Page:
Title:
HOT-DIP GALVANIZED STEEL SHEET AND GALVANNEALED STEEL SHEET
Kind Code:
A1


Abstract:
Disclosed is a hot-dip galvanized steel sheet, in which a steel sheet of the hot-dip galvanized steel sheet before galvanization contains, on the percent by mass basis, 0.06% to 0.15% carbon (C); 1% to 3% manganese (Mn); 0.01% to 0.05% phosphorus (P); 0.03% to 1% chromium (Cr); 0.03% to 1% molybdenum (Mo); and 0.02% to 0.15% aluminum (Al). The steel sheet before galvanization has a silicon (Si) content of 0.2% or less (inclusive of 0%) and a sulfur (S) content of 0.03% or less (inclusive of 0%) and has a K value of −2.0 or more, in which the K value is calculated according to following Equation (1):


K value=3×[Mo]−5×[Cr] (1)

wherein “[Element]” represents the content (percent by mass) of the element.




Inventors:
Yamamoto, Katsuhiro (Hyogo, JP)
Miura, Masaaki (Hyogo, JP)
Utsumi, Yukihiro (Hyogo, JP)
Application Number:
11/908431
Publication Date:
01/29/2009
Filing Date:
03/24/2006
Assignee:
Kabushiki Kaisha Kobe Seiko Sho (Kobe Steel Ltd.) (Kobe-shi, JP)
Primary Class:
Other Classes:
148/334
International Classes:
C22C38/22; C22C38/32
View Patent Images:



Primary Examiner:
YEE, DEBORAH
Attorney, Agent or Firm:
OBLON, MCCLELLAND, MAIER & NEUSTADT, L.L.P. (ALEXANDRIA, VA, US)
Claims:
1. A hot-dip galvanized steel sheet, wherein a steel sheet of the hot-dip galvanized steel sheet before galvanization comprises, on the percent by mass basis: 0.06% to 0.15% carbon (C); 1% to 3% manganese (Mn); 0.01% to 0.05% phosphorus (P); 0.03% to 1% chromium (Cr); 0.03% to 1% molybdenum (Mo); and 0.02% to 0.15% aluminum (Al), wherein the steel sheet before galvanization has a silicon (Si) content of 0.2% or less (inclusive of 0%) and a sulfur (S) content of 0.03% or less (inclusive of 0%), and wherein the steel sheet before galvanization has a K value of −2.0 or more, the K value being calculated according to following Equation (1):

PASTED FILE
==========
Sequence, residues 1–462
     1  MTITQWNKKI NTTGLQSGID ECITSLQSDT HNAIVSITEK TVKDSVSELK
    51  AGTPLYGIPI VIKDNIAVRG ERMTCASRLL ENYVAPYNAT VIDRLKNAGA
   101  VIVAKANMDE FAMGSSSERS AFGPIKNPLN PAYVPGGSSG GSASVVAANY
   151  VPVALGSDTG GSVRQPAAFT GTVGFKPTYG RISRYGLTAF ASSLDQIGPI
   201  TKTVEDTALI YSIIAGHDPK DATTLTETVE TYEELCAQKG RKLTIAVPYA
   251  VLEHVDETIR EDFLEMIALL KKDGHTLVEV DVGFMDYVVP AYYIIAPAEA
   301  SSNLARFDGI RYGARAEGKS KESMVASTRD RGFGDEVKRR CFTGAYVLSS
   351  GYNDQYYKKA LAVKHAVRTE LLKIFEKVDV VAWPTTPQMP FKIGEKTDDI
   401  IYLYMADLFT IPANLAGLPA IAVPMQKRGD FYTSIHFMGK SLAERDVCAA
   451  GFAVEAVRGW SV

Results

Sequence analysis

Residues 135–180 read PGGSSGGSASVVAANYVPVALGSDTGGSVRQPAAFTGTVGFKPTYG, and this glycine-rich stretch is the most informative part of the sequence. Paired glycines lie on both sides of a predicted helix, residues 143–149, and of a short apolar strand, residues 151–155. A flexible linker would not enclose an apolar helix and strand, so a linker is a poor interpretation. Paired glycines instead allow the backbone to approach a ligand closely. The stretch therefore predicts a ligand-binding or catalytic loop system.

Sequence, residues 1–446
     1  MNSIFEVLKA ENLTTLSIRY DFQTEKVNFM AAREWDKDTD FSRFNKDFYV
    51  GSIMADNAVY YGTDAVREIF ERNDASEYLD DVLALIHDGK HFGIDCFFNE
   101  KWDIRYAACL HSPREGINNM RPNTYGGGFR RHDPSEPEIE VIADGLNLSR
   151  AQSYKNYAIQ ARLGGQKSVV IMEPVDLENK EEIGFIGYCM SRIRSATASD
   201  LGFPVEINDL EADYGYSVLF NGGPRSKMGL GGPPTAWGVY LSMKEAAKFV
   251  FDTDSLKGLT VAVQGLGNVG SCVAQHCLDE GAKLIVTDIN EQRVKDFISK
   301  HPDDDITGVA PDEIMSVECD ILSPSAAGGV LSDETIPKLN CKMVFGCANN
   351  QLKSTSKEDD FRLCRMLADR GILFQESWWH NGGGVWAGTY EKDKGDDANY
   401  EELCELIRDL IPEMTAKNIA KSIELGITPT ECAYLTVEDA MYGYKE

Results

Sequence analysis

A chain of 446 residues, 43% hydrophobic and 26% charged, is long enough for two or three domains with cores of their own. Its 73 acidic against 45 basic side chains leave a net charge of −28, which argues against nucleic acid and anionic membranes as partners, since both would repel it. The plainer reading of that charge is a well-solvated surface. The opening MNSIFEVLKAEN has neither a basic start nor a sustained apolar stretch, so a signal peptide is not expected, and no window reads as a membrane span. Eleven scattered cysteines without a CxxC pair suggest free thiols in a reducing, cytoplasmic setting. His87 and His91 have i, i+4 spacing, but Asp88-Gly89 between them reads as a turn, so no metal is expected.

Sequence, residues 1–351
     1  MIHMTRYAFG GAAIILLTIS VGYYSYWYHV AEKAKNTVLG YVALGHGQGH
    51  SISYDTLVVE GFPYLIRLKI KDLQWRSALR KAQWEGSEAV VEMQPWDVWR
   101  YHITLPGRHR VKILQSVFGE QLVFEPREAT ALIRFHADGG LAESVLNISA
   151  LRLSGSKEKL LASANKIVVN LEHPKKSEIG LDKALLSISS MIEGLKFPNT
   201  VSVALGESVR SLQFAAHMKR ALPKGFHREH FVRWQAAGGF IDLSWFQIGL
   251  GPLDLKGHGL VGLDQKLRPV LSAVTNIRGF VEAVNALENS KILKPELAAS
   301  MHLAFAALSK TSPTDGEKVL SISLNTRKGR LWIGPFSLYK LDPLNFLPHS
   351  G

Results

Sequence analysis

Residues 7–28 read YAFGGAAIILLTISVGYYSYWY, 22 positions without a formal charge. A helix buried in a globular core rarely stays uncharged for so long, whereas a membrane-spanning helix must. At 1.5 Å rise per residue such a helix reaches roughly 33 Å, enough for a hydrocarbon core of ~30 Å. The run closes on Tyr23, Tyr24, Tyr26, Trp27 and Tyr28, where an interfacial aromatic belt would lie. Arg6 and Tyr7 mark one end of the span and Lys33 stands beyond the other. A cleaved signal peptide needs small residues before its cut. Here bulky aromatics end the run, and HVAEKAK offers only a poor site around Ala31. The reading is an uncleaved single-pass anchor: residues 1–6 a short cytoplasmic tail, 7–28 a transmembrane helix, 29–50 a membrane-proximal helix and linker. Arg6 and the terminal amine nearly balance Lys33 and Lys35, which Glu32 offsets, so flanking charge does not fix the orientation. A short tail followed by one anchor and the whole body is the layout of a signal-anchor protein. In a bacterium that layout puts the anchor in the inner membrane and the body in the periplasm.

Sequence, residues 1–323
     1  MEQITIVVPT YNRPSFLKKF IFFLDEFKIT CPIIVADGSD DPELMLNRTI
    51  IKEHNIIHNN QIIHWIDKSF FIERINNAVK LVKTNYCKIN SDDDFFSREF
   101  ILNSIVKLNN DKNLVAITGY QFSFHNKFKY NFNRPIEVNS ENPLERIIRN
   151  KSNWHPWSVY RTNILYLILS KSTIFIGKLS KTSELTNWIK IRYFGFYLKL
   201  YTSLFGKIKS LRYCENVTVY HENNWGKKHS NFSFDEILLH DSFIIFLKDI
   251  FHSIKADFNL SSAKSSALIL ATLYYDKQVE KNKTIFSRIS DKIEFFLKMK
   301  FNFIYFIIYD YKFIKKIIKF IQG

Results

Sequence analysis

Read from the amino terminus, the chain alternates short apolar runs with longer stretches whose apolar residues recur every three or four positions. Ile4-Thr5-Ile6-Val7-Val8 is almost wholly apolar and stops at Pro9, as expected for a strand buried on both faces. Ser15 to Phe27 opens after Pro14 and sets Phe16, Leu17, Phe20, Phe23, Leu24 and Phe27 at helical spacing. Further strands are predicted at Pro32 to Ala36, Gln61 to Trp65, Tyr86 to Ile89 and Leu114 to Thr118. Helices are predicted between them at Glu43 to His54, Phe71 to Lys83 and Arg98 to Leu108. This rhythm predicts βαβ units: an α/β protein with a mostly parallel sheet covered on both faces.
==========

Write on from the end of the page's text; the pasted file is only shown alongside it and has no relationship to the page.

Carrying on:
K value=3×[Mo]−5×[Cr] (1) wherein “[Element]” represents the content (percent by mass) of the element.

2. The hot-dip galvanized steel sheet according to claim 1, wherein the steel sheet of the hot-dip galvanized steel sheet before galvanization further comprises, on the percent by mass basis, at least one selected from the group consisting of: 0.15% or less (exclusive of 0%) titanium (Ti); 0.15% or less (exclusive of 0%) niobium (Nb); and 0.15% or less (exclusive of 0%) vanadium (V).

3. The hot-dip galvanized steel sheet according to claim 1, wherein the steel sheet of the hot-dip galvanized steel sheet before galvanization further comprises, on the percent by mass basis: 0.01% (exclusive of 0%) boron (B).

4. The hot-dip galvanized steel sheet according to claim 1, wherein the steel sheet of the hot-dip galvanized steel sheet before galvanization further comprises, on the percent by mass basis: 0.01% or less (exclusive of 0%) calcium (Ca).

5. A galvannealed steel sheet, wherein a steel sheet of the galvannealed steel sheet before galvanization comprises, on the percent by mass basis: 0.06% to 0.15% carbon (C); 1% to 3% manganese (Mn); 0.01% to 0.05% phosphorus (P); 0.03% to 1% chromium (Cr); 0.03% to 1% molybdenum (Mo); and 0.02% to 0.15% aluminum (Al), wherein the steel sheet before galvanization has a silicon (Si) content of 0.2% or less (inclusive of 0%) and a sulfur (S) content of 0.03% or less (inclusive of 0%), wherein the steel sheet before galvanization has a K value of −2.0 or more, the K value being calculated according to following Equation (1):
K value=3×[Mo]−5×[Cr] (1) and wherein the steel sheet before galvanization has an F value of 0.7 to 3.0, the F value being calculated according to following Equation (2):
F value=[Mn]/(20×[P]+3×[Cr]+3×[Mo]) (2) wherein “[Element]” in Equations (1) and (2) represents the content (percent by mass) of the element.

6. An automotive member comprising the hot-dip galvanized steel sheet of claim 1 as a material.

7. An automotive member comprising the galvannealing of claim 5 as a material.

Description:

TECHNICAL FIELD

The present invention relates to a hot-dip galvanized steel sheet and a galvannealed steel sheet (alloyed hot-dip galvanized steel sheet).

BACKGROUND ART